Although 2014 started tremendously with The Electricity Club being invited to meet Karl Bartos and Wolfgang Flür in Cologne, the year suffered next to quality of 2013.

The interviews continued, particularly with key figures from the Synth Britannia era including Midge Ure and the often forgotten man of the period Jo Callis who was a key member of THE HUMAN LEAGUE during their imperial phase.

But the year saw grandeurs of delusion at their highest, with one artist of a far too normal disposition in particular failing to realise that in order for a crowdfunding campaign to succeed, they needed to actually have quite a few fans in the first place!

Then, there was the similarly clueless Alt-Fest debacle which saw the organisers play Fantasy Festival with no cash to underwrite the infrastructure to enable it to actually happen!

Sadly today, there are still egotistic chancers organising events with zero budget and the money from ticket sales being fleeced to fund their holidays. But these artificial factors are rarely considered and so long as there are lower league artists desperate to play for nowt and a misguided enhancement in profile that is often on a platform that provides minimal exposure anyway, then the confidence tricks will continue.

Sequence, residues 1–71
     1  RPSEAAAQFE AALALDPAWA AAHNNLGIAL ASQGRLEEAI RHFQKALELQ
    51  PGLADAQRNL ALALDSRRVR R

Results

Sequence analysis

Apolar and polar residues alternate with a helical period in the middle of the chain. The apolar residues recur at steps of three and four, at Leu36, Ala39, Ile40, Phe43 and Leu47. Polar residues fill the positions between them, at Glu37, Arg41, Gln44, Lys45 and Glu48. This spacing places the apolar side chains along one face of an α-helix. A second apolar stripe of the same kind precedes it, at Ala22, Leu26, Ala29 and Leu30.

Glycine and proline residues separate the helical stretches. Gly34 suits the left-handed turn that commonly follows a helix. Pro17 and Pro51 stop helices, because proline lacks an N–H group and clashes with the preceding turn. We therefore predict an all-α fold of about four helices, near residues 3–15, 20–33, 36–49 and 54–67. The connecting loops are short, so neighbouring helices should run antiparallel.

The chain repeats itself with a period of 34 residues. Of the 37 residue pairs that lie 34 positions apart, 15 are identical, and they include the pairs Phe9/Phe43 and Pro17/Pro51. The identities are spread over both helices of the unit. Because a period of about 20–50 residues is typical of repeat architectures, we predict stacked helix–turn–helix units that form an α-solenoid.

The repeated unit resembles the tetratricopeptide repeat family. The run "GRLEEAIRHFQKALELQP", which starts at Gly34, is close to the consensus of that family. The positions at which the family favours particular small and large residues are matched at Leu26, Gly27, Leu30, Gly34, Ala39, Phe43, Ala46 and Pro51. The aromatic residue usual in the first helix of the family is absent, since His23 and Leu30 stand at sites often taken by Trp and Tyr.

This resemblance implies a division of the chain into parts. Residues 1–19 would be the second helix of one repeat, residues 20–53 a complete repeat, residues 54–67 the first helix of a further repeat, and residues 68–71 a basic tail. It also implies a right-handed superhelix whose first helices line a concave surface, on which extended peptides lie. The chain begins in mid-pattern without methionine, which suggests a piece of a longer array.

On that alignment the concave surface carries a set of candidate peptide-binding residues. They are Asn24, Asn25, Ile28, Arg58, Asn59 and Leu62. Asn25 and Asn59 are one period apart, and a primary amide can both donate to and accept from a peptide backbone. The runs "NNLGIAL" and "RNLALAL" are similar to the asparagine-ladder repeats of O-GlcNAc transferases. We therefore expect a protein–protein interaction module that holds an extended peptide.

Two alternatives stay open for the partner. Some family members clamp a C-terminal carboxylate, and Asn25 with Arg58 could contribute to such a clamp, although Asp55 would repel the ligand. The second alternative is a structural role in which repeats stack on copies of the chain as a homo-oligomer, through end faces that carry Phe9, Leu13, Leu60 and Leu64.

2015 saw the local emergence of Rodney Cromwell and Gwenno, while the majestic Swedish duo KITE proved that they were the best synth act in Europe with the ‘VI’ EP and their impressive live show.

It was also the year when ERASURE front man Andy Bell gave his first interview to The Electricity Club to offer some revealing insights.

Making something of a comeback after a recorded absence of nearly eight years, Jean-Michel Jarre presented his ambitious two volume ‘Electronica’ project which saw collaborations with a varied pool of musicians including Pete Townsend, Lang Lang, John Carpenter, Vince Clarke, Hans Zimmer, Cyndi Lauper, Sebastien Tellier and Gary Numan.

VILLA NAH returned in 2016, as did YELLO with Fifi Rong as one of their guest vocalists while APOPTYGMA BERZERK went instrumental and entered the ‘Exit Popularity Contest’. Riding on the profile generated from their ‘A Broken Frame’ covers album, MARSHEAUX released their biggest-selling long player to date, a two city concept in ‘Ath.Lon’. This was also the year that The Electricity Club first became acquainted with the analogue synthesizer heaven of Johan Baeckström, a modern day Vince Clarke if ever there was one.

2017 saw a bumper crop of great albums from the likes of I SPEAK MACHINE, LCD SOUNDSYSTEM, SOULWAX, IAMX, GOLDFRAPP and DAILY PLANET, while veterans such as Alison Moyet and Gary Numan produced their best work of the 21st Century.

However DEPECHE MODE unleashed their most dire record yet in ‘Spirit’, a dreary exercise in faux activism bereft of tunes. Salt was rubbed into the wound when they merely plonked an underwhelming arena show into a stadium for their summer London show.

The trend was to continue later in 2019 as DEPECHE MODE just plonked 14 albums into a boxed set, while OMD offered an album of quality unreleased material in their ‘Souvenir’ package.

And with DEPECHE MODE’s sad descent into a third rate pseudo-rock combo during the last 15 years to appease that ghastly mainstream American institution called The Rock and Roll Hall Of Fame with guitars and drums, Dave Gahan in particular with his ungrateful dismissal of the pioneering synth-based material with which he made his fortune with, now has what he has always coveted.